The Ana Manganaro Clinic
Almost three hours north outside San Salvador, the capital of El Salvador, a narrow, unkempt road winds its way through the mountains and passes the small, rural town of Guarjila. There you will find a community of survivors.
Their incredible story
The clinic originally started in a small house for basic healthcare after the Salvadorans returned from Honduran refugee camps in October of 1987, despite that the war continued until the Peace Accords were signed on January 16, 1992. With the assistance of Sr. Ana Manganaro and another physician, a system was developed to educate health promoters and midwives. The health promoters originated from the refugee camps and the mountains; 300 were initially trained. In fact, the majority of the current health promoters received their initial hands on training out in the field, during the war. With international donations, Sr. Ana and Fr. Jon Cortina, S.J. (also a civil engineer) designed and built the present clinic, completed in 1990.
The clinic, currently directed by Dr. Dagoberto Menjivar, is truly accessible to all; only a minimal (and waivable) $1 fee is asked for each visit. In fact, willing to travel many miles to receive high-quality and affordable care, some patients come from as far away as Honduras.
The commitment of these health care workers is inspiring; they work hard and serve so many for little monetary compensation. The dedicated clinic staff provides prenatal care and classes for expectant mothers, holds informational sessions throughout the community to discuss disease prevention, makes home visits to inspect drinking water quality, and has implemented a program to provide soy milk to all school children. These are but a few of the ways the clinic engages the population of Guarjila in the formation of a healthy community. And the results are clear: the infant mortality rate in Guarjila is dramatically lower than the national rate, and Guarjila often seems to pass unaffected through national outbreaks of preventable diseases such as malaria and dengue fever.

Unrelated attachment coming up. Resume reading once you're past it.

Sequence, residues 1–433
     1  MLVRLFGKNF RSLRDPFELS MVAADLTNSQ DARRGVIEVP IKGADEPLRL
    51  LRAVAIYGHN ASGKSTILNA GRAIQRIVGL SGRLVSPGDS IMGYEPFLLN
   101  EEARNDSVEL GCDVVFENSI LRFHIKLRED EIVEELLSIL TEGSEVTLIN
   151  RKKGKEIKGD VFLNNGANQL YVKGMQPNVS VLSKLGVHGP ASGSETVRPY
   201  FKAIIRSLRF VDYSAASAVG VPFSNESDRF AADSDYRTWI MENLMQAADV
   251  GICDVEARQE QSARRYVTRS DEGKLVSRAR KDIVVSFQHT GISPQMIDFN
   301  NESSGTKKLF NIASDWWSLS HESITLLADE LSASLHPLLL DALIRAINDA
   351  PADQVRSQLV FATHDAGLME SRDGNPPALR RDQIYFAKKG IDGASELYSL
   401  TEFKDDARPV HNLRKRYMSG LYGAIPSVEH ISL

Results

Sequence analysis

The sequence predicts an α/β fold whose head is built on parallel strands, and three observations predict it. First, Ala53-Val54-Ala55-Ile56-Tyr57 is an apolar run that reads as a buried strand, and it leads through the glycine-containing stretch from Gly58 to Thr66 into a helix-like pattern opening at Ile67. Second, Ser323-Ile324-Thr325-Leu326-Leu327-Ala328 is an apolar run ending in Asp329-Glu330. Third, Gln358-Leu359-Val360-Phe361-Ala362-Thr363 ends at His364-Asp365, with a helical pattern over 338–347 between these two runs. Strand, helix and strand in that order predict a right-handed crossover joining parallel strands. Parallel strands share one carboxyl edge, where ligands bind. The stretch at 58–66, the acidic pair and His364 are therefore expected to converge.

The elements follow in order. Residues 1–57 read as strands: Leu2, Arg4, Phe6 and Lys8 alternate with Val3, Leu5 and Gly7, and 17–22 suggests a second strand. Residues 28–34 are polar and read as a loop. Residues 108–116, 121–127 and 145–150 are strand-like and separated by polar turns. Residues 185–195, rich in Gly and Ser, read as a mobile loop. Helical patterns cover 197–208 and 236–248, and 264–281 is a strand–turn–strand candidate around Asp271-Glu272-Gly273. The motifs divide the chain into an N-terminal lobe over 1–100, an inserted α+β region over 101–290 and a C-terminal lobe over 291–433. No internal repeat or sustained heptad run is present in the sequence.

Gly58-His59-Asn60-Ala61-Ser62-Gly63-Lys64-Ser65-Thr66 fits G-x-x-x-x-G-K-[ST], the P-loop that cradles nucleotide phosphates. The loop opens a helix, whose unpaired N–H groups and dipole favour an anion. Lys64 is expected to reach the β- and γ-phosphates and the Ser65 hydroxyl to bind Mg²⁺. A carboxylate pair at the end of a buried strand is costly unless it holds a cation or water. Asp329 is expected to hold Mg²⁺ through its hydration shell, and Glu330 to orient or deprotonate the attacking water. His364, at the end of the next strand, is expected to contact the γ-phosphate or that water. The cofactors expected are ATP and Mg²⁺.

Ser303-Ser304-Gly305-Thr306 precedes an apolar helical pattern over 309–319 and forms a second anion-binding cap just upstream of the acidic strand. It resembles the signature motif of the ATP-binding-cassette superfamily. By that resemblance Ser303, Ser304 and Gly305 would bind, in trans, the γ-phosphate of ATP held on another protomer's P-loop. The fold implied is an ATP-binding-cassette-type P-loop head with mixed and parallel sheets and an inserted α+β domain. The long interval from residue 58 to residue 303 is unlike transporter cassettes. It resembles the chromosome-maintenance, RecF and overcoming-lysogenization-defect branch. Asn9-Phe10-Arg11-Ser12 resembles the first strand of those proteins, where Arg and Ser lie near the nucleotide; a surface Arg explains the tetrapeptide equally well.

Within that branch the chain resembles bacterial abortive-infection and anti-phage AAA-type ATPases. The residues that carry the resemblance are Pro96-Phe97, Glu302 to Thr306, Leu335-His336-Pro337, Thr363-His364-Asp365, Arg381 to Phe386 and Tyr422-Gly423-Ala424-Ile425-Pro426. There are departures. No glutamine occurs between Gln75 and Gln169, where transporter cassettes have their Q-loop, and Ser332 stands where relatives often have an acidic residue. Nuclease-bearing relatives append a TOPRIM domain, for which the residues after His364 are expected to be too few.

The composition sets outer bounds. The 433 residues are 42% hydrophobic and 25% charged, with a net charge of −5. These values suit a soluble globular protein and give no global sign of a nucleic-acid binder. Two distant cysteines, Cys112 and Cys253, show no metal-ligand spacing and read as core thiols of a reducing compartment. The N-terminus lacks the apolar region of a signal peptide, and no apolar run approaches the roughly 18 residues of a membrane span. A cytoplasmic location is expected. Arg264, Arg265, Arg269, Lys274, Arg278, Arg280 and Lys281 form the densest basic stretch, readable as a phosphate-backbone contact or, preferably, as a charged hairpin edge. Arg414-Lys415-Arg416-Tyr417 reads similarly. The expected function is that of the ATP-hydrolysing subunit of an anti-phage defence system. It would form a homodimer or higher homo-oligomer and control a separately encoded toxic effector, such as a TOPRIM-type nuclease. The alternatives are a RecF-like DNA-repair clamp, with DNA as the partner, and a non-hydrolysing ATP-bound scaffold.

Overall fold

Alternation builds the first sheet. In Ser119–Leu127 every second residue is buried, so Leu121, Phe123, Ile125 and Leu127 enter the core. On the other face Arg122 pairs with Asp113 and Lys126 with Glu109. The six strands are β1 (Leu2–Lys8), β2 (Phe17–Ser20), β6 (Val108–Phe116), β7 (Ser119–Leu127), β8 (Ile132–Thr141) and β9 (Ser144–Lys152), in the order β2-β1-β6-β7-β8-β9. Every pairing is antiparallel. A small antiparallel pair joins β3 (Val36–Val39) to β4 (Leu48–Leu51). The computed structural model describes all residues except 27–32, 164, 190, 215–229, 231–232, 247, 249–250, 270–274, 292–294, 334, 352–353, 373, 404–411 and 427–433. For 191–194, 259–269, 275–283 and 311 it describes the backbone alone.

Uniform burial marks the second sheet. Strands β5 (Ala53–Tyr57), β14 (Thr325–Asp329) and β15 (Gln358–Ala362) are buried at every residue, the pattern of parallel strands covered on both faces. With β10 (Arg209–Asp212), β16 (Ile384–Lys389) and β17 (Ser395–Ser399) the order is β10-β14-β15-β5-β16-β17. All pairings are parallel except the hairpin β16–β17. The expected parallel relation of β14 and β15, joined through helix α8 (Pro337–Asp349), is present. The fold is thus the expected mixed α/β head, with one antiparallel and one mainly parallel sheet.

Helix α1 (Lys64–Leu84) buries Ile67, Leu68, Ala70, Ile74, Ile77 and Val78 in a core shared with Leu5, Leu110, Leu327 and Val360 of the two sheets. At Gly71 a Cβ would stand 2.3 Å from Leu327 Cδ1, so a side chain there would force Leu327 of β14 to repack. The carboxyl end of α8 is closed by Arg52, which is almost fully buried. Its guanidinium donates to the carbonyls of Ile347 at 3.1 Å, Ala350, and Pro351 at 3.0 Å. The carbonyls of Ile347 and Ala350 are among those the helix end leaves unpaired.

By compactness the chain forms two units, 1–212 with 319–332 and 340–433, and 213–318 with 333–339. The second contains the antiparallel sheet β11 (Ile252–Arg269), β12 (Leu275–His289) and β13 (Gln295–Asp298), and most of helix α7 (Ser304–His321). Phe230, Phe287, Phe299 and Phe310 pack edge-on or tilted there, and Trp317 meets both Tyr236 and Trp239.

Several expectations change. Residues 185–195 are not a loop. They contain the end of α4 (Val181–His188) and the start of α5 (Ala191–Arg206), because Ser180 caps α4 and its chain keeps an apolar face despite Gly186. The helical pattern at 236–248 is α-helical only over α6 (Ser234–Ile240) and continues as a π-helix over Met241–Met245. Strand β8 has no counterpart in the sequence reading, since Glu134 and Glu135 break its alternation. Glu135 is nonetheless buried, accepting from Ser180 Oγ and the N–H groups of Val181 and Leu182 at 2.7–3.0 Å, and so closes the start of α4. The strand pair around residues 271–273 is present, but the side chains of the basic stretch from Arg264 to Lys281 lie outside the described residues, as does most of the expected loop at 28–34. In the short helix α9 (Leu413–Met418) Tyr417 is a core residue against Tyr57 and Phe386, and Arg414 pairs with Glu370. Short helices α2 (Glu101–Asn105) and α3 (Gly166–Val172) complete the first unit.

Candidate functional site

The Tamarindo Foundation seeks to ensure that the clinic is able to acquire the medications they need, and that the staff members are paid a true living wage. The clinic staff currently pools all salary funds and allocates them based on need. Still, a health promoter may only earn $75/month, which is not enough to support a family.
You can help!
The Tamarindo Foundation is proud to support the Ana Manganaro clinic, and respond to their need. We invite you to partner with us in this effort by making a tax-deductible donation.